Abstract 004: The Cost-Effectiveness of Blood Pressure Control in Young Adulthood to Prevent Later Life Coronary Heart Disease A Computer Simulation Study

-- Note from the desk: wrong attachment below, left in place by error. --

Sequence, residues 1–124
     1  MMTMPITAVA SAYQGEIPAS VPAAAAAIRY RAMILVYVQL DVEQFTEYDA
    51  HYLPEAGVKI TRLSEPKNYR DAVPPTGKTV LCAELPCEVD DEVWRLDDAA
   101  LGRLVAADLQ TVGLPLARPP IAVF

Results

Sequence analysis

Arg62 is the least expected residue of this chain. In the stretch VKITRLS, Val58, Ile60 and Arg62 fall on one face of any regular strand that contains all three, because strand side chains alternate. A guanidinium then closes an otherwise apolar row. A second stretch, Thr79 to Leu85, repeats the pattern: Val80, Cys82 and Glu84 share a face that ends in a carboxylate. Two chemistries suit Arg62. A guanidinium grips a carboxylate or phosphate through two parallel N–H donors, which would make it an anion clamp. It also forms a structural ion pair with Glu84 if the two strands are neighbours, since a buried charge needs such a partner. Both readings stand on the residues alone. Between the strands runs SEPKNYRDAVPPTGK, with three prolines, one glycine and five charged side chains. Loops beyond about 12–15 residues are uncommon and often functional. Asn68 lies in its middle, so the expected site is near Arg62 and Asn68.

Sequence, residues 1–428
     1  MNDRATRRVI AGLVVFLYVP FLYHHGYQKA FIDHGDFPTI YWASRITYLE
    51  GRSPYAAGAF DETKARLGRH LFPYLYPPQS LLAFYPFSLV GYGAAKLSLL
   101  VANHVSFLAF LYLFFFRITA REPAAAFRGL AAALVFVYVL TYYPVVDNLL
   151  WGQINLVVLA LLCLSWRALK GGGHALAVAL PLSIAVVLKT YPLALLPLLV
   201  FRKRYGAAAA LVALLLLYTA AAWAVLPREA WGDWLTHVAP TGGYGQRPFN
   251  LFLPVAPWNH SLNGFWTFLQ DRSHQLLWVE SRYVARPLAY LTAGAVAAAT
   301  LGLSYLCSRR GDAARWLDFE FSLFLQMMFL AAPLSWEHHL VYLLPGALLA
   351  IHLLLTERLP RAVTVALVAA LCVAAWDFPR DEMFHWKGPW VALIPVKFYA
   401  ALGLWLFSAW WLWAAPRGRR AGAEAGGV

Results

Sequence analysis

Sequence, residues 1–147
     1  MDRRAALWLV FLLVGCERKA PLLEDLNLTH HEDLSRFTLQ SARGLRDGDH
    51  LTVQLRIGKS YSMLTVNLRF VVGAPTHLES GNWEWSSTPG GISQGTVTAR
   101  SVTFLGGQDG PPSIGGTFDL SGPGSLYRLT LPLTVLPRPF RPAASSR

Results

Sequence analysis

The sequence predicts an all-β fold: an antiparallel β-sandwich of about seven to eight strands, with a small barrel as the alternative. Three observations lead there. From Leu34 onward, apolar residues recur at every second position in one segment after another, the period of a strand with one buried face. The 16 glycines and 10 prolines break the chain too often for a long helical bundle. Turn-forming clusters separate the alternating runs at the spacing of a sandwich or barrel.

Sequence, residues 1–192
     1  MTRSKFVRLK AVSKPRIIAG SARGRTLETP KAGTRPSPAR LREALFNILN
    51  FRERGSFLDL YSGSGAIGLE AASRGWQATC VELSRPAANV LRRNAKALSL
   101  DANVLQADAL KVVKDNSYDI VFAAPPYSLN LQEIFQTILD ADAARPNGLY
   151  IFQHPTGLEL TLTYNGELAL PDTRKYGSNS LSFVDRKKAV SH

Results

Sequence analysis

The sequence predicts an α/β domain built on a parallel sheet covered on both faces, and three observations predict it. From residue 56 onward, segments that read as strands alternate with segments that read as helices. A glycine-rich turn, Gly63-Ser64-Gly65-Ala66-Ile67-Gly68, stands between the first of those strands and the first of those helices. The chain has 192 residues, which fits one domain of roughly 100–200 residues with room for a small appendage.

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Introduction: Prehypertension defined as blood pressure (BP) 120-139/80-89 mmHg, has a prevalence of 23% in U.S. young adults (age 20-39 years). Young adult high diastolic blood pressure (DBP) has been associated with later life coronary heart disease (CHD), but it is unclear if lifelong benefits of early blood pressure control outweigh costs and side-effect risks.Objective: We estimated CHD events and life-long cost-effectiveness of U.S. Preventive Service Task Force recommended lifestyle modification (LM) or pharmacotherapy in young adults with DBP ≥80mmHg, incremental to later life hypertension treatment.Methods: A microsimulation model simulated CHD events from age 20 until death for 20-year olds selected from 1999-2014 NHANES. Individual risk factor trajectories were assigned, and risk functions predicted CHD based on Framingham Offspring Study data, accounting for both age 20-39 time-weighted average DBP and later life systolic blood pressure (SBP). Simulated interventions lowered DBP ≥80mmHg for age 20-39 years, and SBP ≥140mmHg for age ≥40 years. Cost-effectiveness was measured as incremental cost-effectiveness ratios (ICERs) and net health benefit (NHB) at willingness to pay (WTP) threshold $50,000/quality adjusted life year (QALY).Results: In 40,000 young adults with DBP ≥80 mmHg (50% women), pharmacologic BP control in young adulthood and later life prevented the most CHD events (Table). The strategy that yielded highest NHB in women was pharmacologic control after age 40 (ICER $26,536/QALY). In men, lifestyle modification to control DBP in young adulthood plus pharmacotherapy for later life hypertension (ICER $42,481/QALY) yielded highest NHB.Conclusion: Early DBP control in young adults could achieve substantial health benefits over the life course but standard interventions to achieve this goal are costly. Innovative strategies to reduce pharmacotherapy costs and improve sustainability of lifestyle modification could make early BP control a higher-value prevention strategy in young adults.

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